Article Launched: 09/05/2008
by Wallace Baine
I was kinda looking for it, then I saw it. There it was, in a photo
from the Democratic National Convention, on a woman's dress, as big
and round as the biggest pizza you can buy. I'm talking about one of
the most successful symbols in modern history, a logo "" unlike, say,
the Golden Arches or the Nike Swoosh or Apple's bitten apple "" that
belongs to no multi-national corporation, but to all of us.
It's the peace symbol.
And it's 50 years old.
Unlike its corporatized brethren, the peace symbol has not had an
army of trademark lawyers and marketing executives protecting it from
improper use. It has no legions of priests, rabbis or imams ready to
defend it against desecration. It's a feral cat of a logo, there for
anyone's use, proper or otherwise. In a culture where everything
seems to belong to some private interest, it's a measure of whatever
freedom we have left that a free symbol like this one can survive to 50.
Of course, symbols are supposed to carry different meanings to
different people, and the peace symbol certainly does that. It is
political in nature, which means there are many folks who have no use
for it. Originally intended as a symbol for nuclear disarmament, the
peace sign has become a coded icon of the '60s counterculture,
entwined in the minds of many with the star-shaped marijuana leaf as
an undermining influence of everything true and good and righteous.
For others, and perhaps that woman at the Democratic convention is
one of them, it is merely a lifestyle gee-gaw, an over-accessorized
sign of hipness, a wink and nod to political awareness. I saw one
around the neck of my 13-year-old daughter the other day. I look
forward to discussing the nuclear non-proliferation treaty with her.
The peace symbol is being celebrated this year by the publication of
"Peace: The Biography of a Symbol" by Ken Kolsbun with Michael S.
Sweeney. What's noteworthy about the book is that it carries another
symbol, the yellow rectangular box that signifies National Geographic
which these days is, let's face it, a better Good Housekeeping seal
of approval than Good Housekeeping is.
Kolsbun is no mere interested party in the development of the peace
symbol. He started kicking around the subject when he and his wife
attended peace rallies back in the late 1960s Santa Cruz connection:
Kolsbun's daughter, Tuesday Soetaert, is a long-time local. Since
then, he's watched the development of the symbol from its
demonization at the hands of the ultra-right John Birch Society to
even more widespread use in demonstrations against the Iraq War.
So where did the broken-cross-in-a-circle symbol come from?
As it turns out, it was the invention of one man. Gerald Holtom was a
British textile designer concerned about the spread of nuclear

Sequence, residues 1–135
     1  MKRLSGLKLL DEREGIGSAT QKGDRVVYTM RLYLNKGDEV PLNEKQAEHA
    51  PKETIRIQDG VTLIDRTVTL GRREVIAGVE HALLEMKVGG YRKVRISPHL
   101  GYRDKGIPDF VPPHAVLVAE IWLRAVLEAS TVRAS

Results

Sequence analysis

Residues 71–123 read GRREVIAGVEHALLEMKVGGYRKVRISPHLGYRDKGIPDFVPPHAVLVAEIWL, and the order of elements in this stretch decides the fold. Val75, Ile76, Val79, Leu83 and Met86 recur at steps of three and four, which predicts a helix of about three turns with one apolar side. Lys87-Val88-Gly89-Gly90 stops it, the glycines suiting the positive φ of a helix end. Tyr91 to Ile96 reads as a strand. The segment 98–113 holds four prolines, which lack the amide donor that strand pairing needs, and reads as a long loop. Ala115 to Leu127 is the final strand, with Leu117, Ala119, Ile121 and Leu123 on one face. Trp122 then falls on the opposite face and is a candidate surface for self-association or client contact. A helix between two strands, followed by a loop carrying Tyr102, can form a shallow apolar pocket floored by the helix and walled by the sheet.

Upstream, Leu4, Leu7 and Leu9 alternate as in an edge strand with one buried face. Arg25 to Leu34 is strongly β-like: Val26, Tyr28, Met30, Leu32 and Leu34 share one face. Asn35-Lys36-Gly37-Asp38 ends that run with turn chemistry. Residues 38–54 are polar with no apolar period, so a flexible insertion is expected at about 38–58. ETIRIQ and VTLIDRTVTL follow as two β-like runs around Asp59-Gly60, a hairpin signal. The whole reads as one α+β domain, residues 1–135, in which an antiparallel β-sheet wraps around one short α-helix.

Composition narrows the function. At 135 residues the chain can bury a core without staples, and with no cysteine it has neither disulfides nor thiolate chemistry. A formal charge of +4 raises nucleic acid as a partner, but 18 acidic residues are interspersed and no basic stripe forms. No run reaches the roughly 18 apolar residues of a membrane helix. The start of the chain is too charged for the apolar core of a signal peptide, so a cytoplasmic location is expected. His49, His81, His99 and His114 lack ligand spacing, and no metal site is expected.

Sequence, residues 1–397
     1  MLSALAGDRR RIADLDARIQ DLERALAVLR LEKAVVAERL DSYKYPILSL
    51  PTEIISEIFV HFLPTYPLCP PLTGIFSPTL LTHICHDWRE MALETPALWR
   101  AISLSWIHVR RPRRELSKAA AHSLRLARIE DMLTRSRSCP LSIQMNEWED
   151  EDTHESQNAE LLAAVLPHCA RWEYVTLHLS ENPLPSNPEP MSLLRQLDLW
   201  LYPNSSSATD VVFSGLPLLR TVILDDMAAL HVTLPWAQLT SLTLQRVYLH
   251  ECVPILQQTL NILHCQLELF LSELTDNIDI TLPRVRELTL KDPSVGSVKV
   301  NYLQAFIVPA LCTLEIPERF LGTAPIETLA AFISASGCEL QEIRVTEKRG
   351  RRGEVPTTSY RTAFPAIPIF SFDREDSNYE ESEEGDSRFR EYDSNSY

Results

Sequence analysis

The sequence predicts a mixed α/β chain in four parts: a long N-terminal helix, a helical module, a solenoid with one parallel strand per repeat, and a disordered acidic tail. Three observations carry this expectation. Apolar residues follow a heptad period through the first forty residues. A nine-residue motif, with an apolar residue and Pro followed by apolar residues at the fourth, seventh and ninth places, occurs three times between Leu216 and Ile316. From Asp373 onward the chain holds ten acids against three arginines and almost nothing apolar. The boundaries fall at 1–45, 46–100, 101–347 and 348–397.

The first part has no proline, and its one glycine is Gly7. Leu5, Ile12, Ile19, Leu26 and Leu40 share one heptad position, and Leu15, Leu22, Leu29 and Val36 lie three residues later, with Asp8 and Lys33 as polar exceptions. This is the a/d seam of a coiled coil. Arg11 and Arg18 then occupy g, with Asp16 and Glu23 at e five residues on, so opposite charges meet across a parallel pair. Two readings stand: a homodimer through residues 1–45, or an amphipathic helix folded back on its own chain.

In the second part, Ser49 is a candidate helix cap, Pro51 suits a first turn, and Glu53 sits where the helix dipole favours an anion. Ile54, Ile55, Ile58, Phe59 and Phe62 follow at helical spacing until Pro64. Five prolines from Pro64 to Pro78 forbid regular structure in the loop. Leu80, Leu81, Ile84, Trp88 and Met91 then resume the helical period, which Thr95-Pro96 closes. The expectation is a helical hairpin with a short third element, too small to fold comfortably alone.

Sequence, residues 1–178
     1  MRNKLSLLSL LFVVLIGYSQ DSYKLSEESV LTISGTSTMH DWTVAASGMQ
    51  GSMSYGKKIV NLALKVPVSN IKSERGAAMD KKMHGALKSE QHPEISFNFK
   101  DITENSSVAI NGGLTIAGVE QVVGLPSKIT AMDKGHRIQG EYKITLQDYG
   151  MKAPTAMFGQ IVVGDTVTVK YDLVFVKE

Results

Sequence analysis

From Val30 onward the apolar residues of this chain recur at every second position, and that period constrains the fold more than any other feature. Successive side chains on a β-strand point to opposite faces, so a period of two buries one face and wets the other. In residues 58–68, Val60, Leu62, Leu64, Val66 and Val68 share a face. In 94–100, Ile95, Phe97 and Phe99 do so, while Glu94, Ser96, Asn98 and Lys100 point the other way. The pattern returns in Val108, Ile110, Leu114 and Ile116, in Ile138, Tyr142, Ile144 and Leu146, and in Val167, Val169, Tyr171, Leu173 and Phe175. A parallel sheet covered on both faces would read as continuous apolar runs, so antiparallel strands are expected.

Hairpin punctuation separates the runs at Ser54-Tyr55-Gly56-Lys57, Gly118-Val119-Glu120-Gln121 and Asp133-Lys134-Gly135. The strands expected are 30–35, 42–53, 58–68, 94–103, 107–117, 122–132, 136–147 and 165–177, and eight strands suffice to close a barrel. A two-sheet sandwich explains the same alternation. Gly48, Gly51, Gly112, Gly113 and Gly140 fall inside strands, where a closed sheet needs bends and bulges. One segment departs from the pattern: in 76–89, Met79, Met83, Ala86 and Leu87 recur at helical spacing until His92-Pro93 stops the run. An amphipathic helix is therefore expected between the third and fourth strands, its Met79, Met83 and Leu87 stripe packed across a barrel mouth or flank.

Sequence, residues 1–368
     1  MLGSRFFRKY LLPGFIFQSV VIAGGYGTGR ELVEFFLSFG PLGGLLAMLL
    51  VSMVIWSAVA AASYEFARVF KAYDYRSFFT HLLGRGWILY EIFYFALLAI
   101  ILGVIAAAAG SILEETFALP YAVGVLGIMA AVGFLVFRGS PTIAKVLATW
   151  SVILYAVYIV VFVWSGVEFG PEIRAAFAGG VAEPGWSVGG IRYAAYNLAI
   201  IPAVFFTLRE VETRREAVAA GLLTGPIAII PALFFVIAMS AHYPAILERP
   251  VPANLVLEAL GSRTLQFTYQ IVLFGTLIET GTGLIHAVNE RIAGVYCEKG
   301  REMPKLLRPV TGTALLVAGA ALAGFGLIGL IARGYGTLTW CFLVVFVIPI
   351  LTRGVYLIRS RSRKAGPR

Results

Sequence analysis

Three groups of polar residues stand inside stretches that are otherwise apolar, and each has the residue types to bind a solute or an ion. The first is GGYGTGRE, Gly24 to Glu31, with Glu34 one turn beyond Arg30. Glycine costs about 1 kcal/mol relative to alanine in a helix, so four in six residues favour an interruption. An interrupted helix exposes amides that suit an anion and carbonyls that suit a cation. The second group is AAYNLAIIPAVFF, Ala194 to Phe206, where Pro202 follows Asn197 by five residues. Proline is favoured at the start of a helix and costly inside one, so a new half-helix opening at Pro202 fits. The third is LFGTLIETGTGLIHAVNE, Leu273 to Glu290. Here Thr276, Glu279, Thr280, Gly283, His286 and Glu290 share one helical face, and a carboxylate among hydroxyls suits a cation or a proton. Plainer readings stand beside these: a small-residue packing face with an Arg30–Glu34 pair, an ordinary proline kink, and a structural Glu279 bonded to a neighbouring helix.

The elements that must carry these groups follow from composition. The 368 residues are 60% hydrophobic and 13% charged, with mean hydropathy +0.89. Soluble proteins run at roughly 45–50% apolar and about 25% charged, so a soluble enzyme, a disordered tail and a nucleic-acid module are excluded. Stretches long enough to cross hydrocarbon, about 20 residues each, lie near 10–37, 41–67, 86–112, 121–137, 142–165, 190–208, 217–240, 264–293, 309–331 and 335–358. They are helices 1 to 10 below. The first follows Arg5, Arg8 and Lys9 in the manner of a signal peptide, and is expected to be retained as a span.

weapons back at the height of the Cold War. He was convinced that the
success of a planned protest march against nuclear arms in London in
the spring of 1958 would be enhanced by marchers carrying a symbol of
the cause. The idea for the symbol came from the initials of "nuclear
disarmament" as they appeared in the semaphore flag signaling system:
"N" both arms pointed downward at a 45-degree angle and "D" both arms
pointed in opposite directions at vertical. Put it in a circle and,
wham, there's your icon.
Holtom, who obviously had a gift for public relations imagery, made
sure the new symbol was tightly linked with the anti-nuclear
movement, and thanks to its simplicity "" any child could draw one ""
it became an enormous success, as symbols go.
The peace symbol's suggestion of a drooping cross gave it a kind of
supercharged quasi-religious significance. And many religious groups
saw it as a symbol for wickedness. In fact, said Kolsbun, the Birch
Society launched a campaign to discredit the peace symbol in the
early 1970s, printing a "history" of the symbol and distributing it
to churches nationwide. The revisionism gained some traction.
"This information went all over America," said Kolsbun, "and for
years, the symbol was attacked for being anti-Christ and from the
Devil and it just kept going and going. And now, though the book has
the National Geographic seal of approval, there are still people out
there who think it's a sign of the devil."
Clearly, the peace symbol has outgrown attempts to paint it as evil.
It has also jumped generations, having been embraced by subsequent
generations of political protesters. From belt buckles to jewelry to
face paint, the peace symbol lives on as a viral marker of political
But none of this success was inevitable. Universal symbols don't just
pop up every day. Consider, for instance, the peace symbol's
forgotten companion, the ecology symbol that came along about the
same time. It was kind of a football-shaped oval with a horizontal
line through it. When I was about nine years old, I had sneakers with
the ecology symbol on them. If I still had them, they'd be eBay
collectibles. But like a dead language from the Dark Ages, the
ecology symbol exists only as a historical artifact, despite the fact
we could use such a symbol today.
The peace symbol, however, lives on.
Contact Wallace Baine at email@example.com.